Traditionally, films starring Wonder Woman, Batman and Superman start off with an imbued sense of goodwill towards the team’s protagonists. But Alan Burnett, the writer and producer of Justice League: Gods & Monsters, has just one concern about the heroes of this film.
“They are not likable in the beginning,” he said. “I don’t know how the audience is going to respond to that.”
Mind you, the names are the only thing these characters have in common with the versions we know and love. Justice League: Gods & Monsters features an alternate version of the characters, including a vampiric Batman and a Superman who is the son of Zod. Executive Producer Bruce Timm, who said he’d actually pitched the idea of a vampire Batman during Batman: The Animated Series and was denied, noted the upshot to losing those built in personas was the chance to take the characters to new places.
“With these characters, because they’re all new characters…we get to make the rules from ground zero,” he said. “It’s really seductive to know I can take them down weird paths that are shocking and unpredictable and weird in a way that I can’t really do with the traditional characters.”
Burnett, who describes the film as a mystery rather than a typical action/thriller, echoed those sentiments.
“One of the things we talked about, we’ve talked about off and on for years, is that its kind of frustrating that these major superheroes that we work with, if they get in a fight, they can’t really hurt the other guy,” he said. “We sort of wanted to do a character who, if he felt like he had to kill in a fight, it would happen. So that’s the main difference between what we’ve been doing before and this.”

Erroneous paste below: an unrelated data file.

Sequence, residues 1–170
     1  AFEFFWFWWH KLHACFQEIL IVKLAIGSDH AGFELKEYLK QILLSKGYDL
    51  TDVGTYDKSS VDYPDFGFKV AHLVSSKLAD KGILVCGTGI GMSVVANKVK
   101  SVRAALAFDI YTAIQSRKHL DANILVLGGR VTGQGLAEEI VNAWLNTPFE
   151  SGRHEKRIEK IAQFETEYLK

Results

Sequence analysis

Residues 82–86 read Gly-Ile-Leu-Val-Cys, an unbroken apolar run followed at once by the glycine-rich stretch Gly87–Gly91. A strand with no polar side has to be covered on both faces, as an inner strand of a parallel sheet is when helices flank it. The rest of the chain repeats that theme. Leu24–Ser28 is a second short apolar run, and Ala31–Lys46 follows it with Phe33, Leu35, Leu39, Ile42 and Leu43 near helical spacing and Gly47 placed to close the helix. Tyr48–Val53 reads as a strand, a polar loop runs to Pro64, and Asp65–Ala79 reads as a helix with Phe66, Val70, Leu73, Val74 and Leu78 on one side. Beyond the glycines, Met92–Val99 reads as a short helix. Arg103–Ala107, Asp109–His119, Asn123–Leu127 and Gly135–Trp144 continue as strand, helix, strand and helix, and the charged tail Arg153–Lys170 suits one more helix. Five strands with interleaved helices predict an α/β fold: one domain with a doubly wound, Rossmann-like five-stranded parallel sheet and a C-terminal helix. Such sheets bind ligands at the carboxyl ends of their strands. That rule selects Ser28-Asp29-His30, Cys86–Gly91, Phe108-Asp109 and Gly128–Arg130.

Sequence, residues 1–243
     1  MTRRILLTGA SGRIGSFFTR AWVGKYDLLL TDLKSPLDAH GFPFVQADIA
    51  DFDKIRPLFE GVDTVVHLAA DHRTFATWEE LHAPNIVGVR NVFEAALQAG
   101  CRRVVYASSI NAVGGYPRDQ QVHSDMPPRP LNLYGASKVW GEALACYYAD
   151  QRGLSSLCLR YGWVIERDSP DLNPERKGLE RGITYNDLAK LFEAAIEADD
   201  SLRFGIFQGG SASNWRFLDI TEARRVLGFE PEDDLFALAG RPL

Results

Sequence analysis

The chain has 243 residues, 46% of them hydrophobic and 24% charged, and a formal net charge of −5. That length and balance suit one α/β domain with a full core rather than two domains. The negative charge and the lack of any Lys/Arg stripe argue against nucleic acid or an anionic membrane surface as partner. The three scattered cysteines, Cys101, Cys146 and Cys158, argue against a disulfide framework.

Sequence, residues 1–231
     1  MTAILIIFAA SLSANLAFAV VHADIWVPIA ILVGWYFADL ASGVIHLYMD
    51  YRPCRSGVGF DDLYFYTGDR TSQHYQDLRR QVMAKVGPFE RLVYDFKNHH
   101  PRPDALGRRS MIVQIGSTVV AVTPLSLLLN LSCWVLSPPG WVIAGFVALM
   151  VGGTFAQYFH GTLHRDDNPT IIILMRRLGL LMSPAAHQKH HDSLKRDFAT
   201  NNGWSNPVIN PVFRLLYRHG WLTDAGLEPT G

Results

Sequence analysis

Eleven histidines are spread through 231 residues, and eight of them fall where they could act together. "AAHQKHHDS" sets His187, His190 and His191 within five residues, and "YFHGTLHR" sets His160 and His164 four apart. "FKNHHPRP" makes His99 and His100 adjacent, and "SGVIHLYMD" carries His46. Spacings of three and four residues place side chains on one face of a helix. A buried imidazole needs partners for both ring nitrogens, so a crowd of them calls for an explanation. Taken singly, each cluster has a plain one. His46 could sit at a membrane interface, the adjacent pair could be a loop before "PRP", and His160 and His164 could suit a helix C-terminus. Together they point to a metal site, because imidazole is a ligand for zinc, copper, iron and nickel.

The film also marks Timm’s recent return to the DC animated world.
“I took a little bit of a breather,” he said. “I developed a couple of different properties, original ideas that weren’t superhero related. I developed them, pitched them, and nobody bought them. And I was like, OK, well I’ve got to do something, because I like having food, and I like having a roof over my head. And it was around that same time that I came up with this idea.”
Paget Brewster and Tamara Taylor, who play Lois Lane and Wonder Woman, each said they were surprised and even confused by the marked difference in the characters compared to their traditional portrayals.
“I kept going back and thinking why am I not understanding this, and they explained that this is an alternate universe,” Taylor said. “I had to let everything go and go with this sort of upside-down town we were in.”
Dialogue director Andrea Romano cast Dexter alumn Michael C. Hall, who she’s been trying to cast in various roles for years, in this new take on Batman.
“Dexter was wrapping, and I thought, let’s try one more time, and it just lined up perfectly,” she said. “This is a very different Batman. This is a Batman who is, first of all, quite young – we meet him in a flashback where he’s a college student – and he’s kind of frail, in fact. He’s ill. He’s not strong and robust like Bruce was. He just made it his Batman.”
Justice League: Gods & Monsters will be available for purchase on July 28.
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